Dealing with its subject matter honestly, this uncompromising look at slavery was even more difficult to watch than I imagined it would be. Reducing me to tears more than once, the camera is held for minutes at a time to show the full impact of some of the worst of situations that these people had to live with on a daily basis. The violence is enough to make you wince but director Steve McQueen knows how to handle such bleak topics excellently, with his best examples including Shame and Hunger. His filmography is a showcase of powerful work because he does not shy away by desensitising such realities; it made be hard to watch, but that’s how it went. Letting us see every lash of the whip, every scar, and every tear from these people, nothing is held back. But the most depressing thing is that is only one man’s story, and in fact, this happened to hundreds more men, women, and children, most without such a happy ending. Its story is heartbreaking and affectively eye-opening in its seriousness, but also stunning in its delivery at the same time, with beautiful location shots and a lovely score.
Chiwetel Ejiofor holds the camera with extraordinary integrity and in my eyes should have been the Oscar winner for Best Actor, though co-star Lupita Nyong’o was well deserving of her Best Supporting Actress win. The cast all deliver some of their best performances, with Michael Fassbender, especially, giving a dark performance that makes the journey all the more uncomfortable to witness. This extraordinary cast comes together incredibly and are half of what make 12 Years A Slave such a magnificent achievement. But 12 Years A Slave is about more than just its cast, as it is a truly impressive piece of film-making from an exceptional director, and will be near impossible to better this year.
Spike Jonze knows how to create characters and worlds perfectly. Her is the perfect example of that. This not-so-distant future is incredibly well thought out and designed and the concept itself is original and thought-provoking. Everything about this film feels simple and natural; there are no distractions to advert your attention, it’s just about people, souls, and emotion.
Joaquin Phoenix is purely amazing and the voice of Scarlett Johansson is incredibly well-fitting. From the use of vibrant colours, hipster stylisations, a beautifully subtle score, there is so much to love about this film.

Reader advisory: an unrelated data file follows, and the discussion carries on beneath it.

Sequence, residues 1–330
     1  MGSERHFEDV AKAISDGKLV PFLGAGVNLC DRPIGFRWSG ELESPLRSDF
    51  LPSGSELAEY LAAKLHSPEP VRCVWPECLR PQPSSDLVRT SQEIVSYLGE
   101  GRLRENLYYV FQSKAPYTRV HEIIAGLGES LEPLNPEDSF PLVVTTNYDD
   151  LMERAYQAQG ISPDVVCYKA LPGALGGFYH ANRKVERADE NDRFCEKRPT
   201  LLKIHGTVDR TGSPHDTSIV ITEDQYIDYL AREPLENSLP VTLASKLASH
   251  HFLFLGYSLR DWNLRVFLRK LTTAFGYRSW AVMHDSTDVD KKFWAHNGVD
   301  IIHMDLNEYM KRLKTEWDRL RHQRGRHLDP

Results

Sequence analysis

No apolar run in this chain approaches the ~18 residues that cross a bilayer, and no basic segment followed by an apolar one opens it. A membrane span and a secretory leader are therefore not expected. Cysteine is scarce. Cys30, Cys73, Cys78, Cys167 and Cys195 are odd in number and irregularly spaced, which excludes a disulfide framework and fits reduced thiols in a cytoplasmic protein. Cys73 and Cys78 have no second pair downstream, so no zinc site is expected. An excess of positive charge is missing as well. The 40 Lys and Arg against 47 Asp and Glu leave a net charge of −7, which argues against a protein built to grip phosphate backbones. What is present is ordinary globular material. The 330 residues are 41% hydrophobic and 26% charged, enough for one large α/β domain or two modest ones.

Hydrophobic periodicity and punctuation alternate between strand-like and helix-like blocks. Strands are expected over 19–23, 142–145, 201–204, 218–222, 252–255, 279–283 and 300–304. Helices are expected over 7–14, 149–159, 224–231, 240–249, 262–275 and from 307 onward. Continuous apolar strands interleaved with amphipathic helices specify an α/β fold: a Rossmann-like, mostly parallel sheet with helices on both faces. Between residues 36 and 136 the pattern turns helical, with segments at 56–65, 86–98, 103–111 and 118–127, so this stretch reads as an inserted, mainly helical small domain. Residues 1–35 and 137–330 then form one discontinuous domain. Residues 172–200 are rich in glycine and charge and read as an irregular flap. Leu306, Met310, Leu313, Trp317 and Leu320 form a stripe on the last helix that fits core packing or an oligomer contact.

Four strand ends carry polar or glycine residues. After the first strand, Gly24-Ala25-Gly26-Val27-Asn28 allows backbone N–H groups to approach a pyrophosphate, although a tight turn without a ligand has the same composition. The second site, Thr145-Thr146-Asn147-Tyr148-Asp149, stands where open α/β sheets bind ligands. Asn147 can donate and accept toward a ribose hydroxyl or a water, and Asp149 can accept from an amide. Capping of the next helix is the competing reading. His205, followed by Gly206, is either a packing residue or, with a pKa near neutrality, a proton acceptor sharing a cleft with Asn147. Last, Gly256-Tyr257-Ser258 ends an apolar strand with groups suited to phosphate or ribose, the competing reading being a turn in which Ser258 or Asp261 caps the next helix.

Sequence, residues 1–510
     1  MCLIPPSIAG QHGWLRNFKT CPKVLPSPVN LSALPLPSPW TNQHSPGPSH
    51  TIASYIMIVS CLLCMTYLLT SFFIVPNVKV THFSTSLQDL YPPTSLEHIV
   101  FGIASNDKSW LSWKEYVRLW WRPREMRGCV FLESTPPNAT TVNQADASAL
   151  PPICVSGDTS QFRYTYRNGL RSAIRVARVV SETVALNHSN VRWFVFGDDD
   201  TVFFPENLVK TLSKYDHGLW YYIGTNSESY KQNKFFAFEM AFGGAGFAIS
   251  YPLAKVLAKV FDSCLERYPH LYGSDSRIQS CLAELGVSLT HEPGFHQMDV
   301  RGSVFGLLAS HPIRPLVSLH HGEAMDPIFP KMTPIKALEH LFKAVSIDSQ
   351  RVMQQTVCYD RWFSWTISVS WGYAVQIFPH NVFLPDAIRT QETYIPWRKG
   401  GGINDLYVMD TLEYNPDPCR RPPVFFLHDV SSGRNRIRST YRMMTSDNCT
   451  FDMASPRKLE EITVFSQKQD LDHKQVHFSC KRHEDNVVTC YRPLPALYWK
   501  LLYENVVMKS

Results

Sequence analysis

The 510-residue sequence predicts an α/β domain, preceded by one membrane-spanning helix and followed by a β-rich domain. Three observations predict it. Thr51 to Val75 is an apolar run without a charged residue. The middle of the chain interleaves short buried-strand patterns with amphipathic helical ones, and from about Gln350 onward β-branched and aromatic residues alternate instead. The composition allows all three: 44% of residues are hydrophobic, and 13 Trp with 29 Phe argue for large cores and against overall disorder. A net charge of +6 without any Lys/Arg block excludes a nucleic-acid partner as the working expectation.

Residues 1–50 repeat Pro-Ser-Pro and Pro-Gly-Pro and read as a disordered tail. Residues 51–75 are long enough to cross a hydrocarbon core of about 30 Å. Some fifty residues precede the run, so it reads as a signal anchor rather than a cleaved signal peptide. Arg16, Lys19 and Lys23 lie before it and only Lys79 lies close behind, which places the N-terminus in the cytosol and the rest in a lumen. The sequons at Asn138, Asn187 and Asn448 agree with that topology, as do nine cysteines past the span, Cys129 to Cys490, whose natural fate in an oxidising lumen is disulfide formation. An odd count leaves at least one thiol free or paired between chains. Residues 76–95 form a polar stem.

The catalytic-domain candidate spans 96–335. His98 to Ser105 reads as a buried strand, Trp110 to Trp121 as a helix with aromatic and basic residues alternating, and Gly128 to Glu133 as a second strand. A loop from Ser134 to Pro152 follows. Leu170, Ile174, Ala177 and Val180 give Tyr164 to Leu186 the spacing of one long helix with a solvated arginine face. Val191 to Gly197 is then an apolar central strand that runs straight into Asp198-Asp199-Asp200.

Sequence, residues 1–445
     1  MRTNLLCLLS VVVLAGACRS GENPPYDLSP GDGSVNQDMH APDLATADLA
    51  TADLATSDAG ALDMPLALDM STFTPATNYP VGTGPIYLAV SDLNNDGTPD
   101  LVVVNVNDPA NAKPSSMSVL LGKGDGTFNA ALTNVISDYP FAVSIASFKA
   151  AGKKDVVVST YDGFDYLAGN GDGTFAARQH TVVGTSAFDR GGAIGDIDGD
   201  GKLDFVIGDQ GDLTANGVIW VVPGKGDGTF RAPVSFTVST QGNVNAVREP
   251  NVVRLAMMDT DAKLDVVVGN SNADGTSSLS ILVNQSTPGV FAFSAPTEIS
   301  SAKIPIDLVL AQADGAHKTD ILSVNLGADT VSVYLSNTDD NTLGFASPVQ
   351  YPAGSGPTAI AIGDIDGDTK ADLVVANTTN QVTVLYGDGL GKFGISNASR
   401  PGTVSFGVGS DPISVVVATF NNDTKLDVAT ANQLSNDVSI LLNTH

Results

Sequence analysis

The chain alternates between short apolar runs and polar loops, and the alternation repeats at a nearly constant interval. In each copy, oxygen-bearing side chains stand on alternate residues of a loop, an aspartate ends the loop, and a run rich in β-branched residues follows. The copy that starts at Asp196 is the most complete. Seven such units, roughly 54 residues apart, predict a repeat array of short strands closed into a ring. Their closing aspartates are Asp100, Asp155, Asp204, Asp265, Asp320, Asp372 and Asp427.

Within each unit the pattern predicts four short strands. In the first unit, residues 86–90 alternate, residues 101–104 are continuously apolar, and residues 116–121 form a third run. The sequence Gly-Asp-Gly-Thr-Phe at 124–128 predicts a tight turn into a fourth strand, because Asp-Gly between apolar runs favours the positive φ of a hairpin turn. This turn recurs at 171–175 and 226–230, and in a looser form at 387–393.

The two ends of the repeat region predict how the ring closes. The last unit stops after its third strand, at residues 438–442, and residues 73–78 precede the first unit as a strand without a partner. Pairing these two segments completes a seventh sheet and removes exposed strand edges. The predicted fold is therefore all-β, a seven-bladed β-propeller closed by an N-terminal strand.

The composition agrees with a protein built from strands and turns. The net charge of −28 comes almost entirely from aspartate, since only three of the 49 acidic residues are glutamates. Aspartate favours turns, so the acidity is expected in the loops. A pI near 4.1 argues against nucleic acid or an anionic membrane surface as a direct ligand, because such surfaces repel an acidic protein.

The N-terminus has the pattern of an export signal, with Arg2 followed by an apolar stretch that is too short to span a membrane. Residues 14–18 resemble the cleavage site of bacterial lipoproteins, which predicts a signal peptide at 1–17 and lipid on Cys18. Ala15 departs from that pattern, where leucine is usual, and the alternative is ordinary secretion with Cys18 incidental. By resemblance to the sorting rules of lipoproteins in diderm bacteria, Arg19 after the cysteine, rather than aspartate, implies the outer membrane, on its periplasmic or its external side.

Interstellar was one of the most anticipated films of 2014, but for some reason, I didn’t share the enthusiasm for its release as most others did. I’m not sure what the reason for that was, because Nolan is one of my favourite directors and there was no doubt that Interstellar was going to be anything but spectacular, but I’m glad that I didn’t over-think its potential beforehand. Maybe it was because there was so much excitement for this film that I took a step back, but whilst I still had high expectations, not over-hyping the film in my head was probably the reason I left the cinema in absolute awe.
Interstellar is ambitious, intelligent, and the pure definition of mind-blowingly good. It’s a thought-provoking film that will keep you thinking and has you thinking about for days after viewing.
1. Gone Girl
The adaptation of Gone Girl was one of my most anticipated films of 2014 after having read the book a couple of months before its release. The novel is an intense mystery thriller hard to put down; every twist poses a new question, and with a somewhat psychotic conclusion the book is one that has your brain ticking at full pace until you reach the very end. It was this intense and never-ending suspense, as well as the idea of never knowing the whole story, that made the Gone Girl novel such a gripping read. Adapted by the great David Fincher, as well, the Gone Girl film was always going to make an impact.